Homily Second Sunday of Advent Year B Repentance, holiness and witness

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Homily Second Sunday of Advent Year B

Reading 1: The prophetic words of Isaiah are spoken to the Jewish exiles in Babylon and to the remnant left in Jerusalem. To the former, Isaiah says that the seventy years of their exile from Jerusalem is about to end. Just as God delivered his people from their bondage in Egypt, so God will again deliver those in exile. But there will be a difference between the two manifestations of God’s power and mercy.

 Because of their ancestors’ hardness of heart and rebellion against God, it took them 40 years wandering in the desert, before they could enter into the Promised Land.  However, the return of the Babylonian exiles will be swift. God will lead them directly, because their time in exile had been a time of great cleansing. Just as the exiles from Egypt saw the glory of God but still rebelled, the exiles from Babylon will see the glory of God and rejoice.

Then the prophet speaks to the remnant left in Jerusalem. They are to be prepared to welcome the returning exiles and to proclaim the power of God to save and redeem.

Like the Shepherd guiding his sheep back home, so God will bring back his people. They were to prepare the way of the Lord in their hearts. So too must we do the same during these days of preparation for the celebration of the first coming of Jesus.

Last Sunday, we heard: Be watchful and alert. Today, we are to make ready in our lives for the new coming of Jesus in the present moment in our lives. St. John Paul II stated that Advent was a time of watchfulness, prayer and deeper conversion.

Gospel: Matthew picks up the theme from Isaiah: Prepare the way of the Lord. John the Baptist was the one who used this theme in his proclamation, calling the people of his day to expect the coming of the promised Messiah. First, he declares that the Lord is near. Secondly, he shows the people how they are to prepare: by repentance of sin. Thirdly, they are to demonstrate their decision to repent through the external sign of baptism. Fourthly, he pointed out that the one to come is greater than he. John was only the voice. Fifthly, while John was baptizing with water, the one to come will baptize with the Holy Spirit.

The message of John is just as relevant today as it was then. We are called to prepare the way as the Lord comes to us in a fresh, new way at this time. How are we to prepare? Repentance of sin through the Sacrament of Reconciliation. This call for repentance was the same inaugural message of Jesus when he began preaching. “Repent, for the kingdom of God is at hand. This was the message of Peter to the crowds on Pentecost. Repent and turn away from your sins. While baptism was the external sign proclaimed by John, the Sacrament of Reconciliation is the external sign of the new interior reality for us.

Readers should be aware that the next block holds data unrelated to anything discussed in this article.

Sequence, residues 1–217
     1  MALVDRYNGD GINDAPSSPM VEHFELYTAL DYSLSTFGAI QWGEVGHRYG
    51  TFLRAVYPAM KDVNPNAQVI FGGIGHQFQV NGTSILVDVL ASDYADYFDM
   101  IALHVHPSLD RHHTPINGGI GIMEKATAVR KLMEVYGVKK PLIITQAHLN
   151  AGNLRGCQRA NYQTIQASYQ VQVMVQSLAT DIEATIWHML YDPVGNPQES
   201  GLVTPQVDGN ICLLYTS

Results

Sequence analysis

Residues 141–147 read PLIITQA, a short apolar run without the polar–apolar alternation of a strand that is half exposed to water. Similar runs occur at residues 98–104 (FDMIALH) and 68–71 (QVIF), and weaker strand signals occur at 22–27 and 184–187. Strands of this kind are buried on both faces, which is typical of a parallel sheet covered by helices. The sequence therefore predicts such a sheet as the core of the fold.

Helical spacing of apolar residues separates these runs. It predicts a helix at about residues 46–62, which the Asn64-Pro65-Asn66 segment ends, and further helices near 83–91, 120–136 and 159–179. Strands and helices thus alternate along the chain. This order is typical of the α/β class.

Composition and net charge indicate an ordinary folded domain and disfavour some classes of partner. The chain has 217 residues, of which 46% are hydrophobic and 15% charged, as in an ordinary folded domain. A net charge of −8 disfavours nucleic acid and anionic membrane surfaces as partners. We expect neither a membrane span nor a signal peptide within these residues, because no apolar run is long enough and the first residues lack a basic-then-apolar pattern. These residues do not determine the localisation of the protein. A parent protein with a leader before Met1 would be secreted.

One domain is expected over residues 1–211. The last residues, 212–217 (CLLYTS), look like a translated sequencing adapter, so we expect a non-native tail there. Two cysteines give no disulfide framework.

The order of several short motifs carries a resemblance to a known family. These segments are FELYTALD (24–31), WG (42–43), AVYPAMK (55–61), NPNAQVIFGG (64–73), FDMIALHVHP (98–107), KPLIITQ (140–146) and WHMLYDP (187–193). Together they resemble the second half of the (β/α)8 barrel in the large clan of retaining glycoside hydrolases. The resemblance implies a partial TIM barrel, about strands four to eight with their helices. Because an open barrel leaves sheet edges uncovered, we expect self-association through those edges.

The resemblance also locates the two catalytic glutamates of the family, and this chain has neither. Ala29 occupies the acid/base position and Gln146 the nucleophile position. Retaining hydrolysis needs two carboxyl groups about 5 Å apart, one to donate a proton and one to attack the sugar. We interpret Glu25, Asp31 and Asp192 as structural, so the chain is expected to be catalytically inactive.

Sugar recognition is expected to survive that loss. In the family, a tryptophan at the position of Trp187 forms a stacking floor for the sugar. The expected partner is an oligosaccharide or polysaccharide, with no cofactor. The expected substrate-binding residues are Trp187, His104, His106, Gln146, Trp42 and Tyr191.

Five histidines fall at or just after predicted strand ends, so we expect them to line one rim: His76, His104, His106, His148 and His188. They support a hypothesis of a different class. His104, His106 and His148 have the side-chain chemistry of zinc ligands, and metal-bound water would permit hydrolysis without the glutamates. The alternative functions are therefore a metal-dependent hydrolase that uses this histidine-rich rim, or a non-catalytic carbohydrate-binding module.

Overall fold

We were baptized with water and the Holy Spirit in the Sacrament of regeneration: Baptism. We were anointed with the fire of the Holy Spirit in Confirmation. During this season of Advent, we pray that Jesus will come in the present moment to stir into flame the life of the Holy Spirit.  First of all that we may have a greater desire for a deeper union with God by growing in holiness. Secondly, that a greater desire to witness to others in the power of the Holy Spirit the good news of God’s love in and for us. We are to take up the prophetic mantle of Isaiah, John, Jesus and Peter, continuing the work of God by first preparing the way of the Lord in our own hearts and then preparing the way of the Lord in the hearts of others.

Reading 2: Peter reminds us of the preparation needed for the final coming of Jesus in glory.  He answers a question raised in his day about the timing of this coming.  He says that just as repentance was necessary to prepare for his first coming in fact and in our own personal lives, so repentance is needed as we prepare for his final coming. This is a time of mercy.

While repentance is an ongoing response, we should also “conduct yourselves in holiness and devotion.” Holiness is not doing extraordinary things, but in doing all things in love, obedient to the will of God.  It is a choice to respond to the grace of God in the present moment.  During this Advent season, God desires to come to us anew.  Do we desire to receive him anew? What in our lives block his coming? Prepare the way of the Lord.

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